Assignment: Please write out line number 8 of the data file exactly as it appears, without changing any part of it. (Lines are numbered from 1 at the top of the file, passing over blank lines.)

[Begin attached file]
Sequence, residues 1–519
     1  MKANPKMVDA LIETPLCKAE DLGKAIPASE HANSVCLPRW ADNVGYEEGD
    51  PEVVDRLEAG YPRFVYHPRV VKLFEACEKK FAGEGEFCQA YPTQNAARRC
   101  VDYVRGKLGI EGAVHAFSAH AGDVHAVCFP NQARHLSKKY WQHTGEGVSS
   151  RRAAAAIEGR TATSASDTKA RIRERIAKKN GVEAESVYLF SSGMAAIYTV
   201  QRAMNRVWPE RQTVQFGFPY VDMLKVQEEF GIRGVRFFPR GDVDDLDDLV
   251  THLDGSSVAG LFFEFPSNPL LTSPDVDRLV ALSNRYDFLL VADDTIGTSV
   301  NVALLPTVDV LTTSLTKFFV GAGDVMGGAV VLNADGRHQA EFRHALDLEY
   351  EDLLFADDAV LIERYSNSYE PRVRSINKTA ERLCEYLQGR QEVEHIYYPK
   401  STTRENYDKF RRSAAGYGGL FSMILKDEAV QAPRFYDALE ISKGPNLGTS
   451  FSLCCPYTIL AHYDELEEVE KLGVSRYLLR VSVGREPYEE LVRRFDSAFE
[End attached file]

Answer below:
   301  NVALLPTVDV LTTSLTKFFV GAGDVMGGAV VLNADGRHQA EFRHALDLEY